Move Semantics are a game changer on how we return values and pass arguments in C++11. In this post we concern ourselves with the best way to implement an assignment (‘=‘) operator. If rvalues and move semantics are all new for you, you might want to read Michael’s post I like to std::move it first.
Continue reading “Assignment operators in C++11”
Most programmers have heard of unit tests. Many programmers regularly write unit tests, even though it should be all of them. Some even work with test-driven development, and this should be all of them, too. So, what are unit tests? Unit tests are the safety net which protects you from fixing critical bugs in the night after the release. They are your code’s lawyers and prove its innocence. Unit tests form the shiny armor which gives you courage before the battle of refactoring. Unit tests are the pillow which lets you find an untroubled sleep. In short, unit tests are invaluable tools for software development. This article presents some strategies how unit tests can be implemented in C++.
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In May the FORs leave you alone we replaced manual loops with calls to algorithms. For this we did not use the algorithms provided by the standard library but used boost.Range instead. In this post I’ll give you the rationale for that decision and introduce the transformed adaptor into the linear regression example.
Continue reading “Adaptors”
foobar is a term one often encounters when searching the web for tutorials on programming. What it is supposed to mean is not really clear; some people, though, claim that it stems from the German word furchtbar, which translates as horrible. I am no authority on etymology, but whenever I see a tutorial using foo and bar as variable names, I think furchtbar is quite fitting.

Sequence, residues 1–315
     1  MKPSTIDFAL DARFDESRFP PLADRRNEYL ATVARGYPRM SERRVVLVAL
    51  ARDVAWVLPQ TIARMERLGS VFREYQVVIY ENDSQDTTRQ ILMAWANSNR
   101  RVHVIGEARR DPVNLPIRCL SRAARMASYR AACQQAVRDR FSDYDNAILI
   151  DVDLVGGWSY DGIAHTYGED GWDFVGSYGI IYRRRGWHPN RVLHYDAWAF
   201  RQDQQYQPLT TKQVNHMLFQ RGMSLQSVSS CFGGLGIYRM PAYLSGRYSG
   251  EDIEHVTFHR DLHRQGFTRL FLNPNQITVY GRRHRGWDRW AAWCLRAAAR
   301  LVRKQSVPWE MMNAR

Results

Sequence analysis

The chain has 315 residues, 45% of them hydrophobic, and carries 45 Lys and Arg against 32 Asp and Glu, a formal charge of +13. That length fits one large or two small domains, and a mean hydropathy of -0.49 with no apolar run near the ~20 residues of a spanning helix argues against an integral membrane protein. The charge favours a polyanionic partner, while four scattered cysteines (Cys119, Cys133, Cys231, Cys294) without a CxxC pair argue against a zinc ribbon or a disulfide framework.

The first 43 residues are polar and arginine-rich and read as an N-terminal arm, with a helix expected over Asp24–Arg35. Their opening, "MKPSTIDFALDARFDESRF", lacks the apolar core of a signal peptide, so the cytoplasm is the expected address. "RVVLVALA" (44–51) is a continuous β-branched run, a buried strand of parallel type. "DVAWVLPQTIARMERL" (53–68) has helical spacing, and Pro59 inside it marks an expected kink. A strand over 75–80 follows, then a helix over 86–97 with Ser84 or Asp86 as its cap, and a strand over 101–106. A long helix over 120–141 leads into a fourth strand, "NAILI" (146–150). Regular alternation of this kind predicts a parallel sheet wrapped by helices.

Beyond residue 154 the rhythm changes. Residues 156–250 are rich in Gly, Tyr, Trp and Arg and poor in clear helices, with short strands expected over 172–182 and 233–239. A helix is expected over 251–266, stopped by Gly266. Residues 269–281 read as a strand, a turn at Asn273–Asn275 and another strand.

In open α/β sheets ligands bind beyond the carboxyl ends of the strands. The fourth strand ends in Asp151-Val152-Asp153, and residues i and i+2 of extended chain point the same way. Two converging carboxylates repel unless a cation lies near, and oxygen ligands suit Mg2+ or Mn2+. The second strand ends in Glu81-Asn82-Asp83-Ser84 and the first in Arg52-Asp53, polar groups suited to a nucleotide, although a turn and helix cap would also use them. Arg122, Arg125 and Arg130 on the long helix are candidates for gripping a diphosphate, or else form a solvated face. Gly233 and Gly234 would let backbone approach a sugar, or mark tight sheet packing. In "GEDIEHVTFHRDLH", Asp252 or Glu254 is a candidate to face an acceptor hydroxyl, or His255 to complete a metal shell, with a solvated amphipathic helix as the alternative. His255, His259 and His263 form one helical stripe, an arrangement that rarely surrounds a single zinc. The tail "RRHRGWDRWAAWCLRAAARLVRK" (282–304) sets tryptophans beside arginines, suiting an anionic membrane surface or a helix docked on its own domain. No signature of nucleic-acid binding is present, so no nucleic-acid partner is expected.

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In his post may the FORs be with you, Michael mentioned that it’s best to avoid handwritten loops at all. This is not self explanatory for a lot of people, and while many arguments can be put forth to support the use of algorithms, in this post let’s stick with one: readabilty.
Continue reading “May the FORs leave you alone”
A little while ago while I was surfing the web I stumbled on a blog of a C++ programmer. Sadly, I was unable to retrace my steps, so I will have to reconstruct what I found there from memory. The programmer was faced with the task of multiplying two matrices with each other. The result is yet another matrix. Efficiency and ease of use were important criteria. Here is the relevant part of the code:
matrix & matrix::operator* (matrix const & other) const
// snip: ... assert matrix sizes are compatible ...
matrix * result = new matrix(rows(), other.columns());
// snip: ... compute and store matrix elements ...
Let us put on our CSI C++ hat for a while.
Continue reading “I like to std::move it”
Loops are among the basic constructs you find in nearly all programming languages. Of the available variations, for loops are the most common ones. The word for is so small that it is not affected by the tax on long keywords and variable names that programming languages seem to be subject of. Thus, you will find for as a keyword in most of them.
C++11 supports a multitude of styles to write for loops. Let us have a look at some of these possibilities for a simple example.
Continue reading “May the FORs be with you”
Everyone who has read Scott Meyer’s books knows: it is a good idea to make your code easy to use correctly and difficult to use incorrectly. In this light, we may be able to improve on the ifs we routinely use to check our functions’ preconditions.
The basic idea is to remove all the ifs that check for error conditions at the beginning of your function’s body by providing type parameters that already give sufficiently strong guarantees.
Continue reading “Expressing preconditions with invariants of parameter types”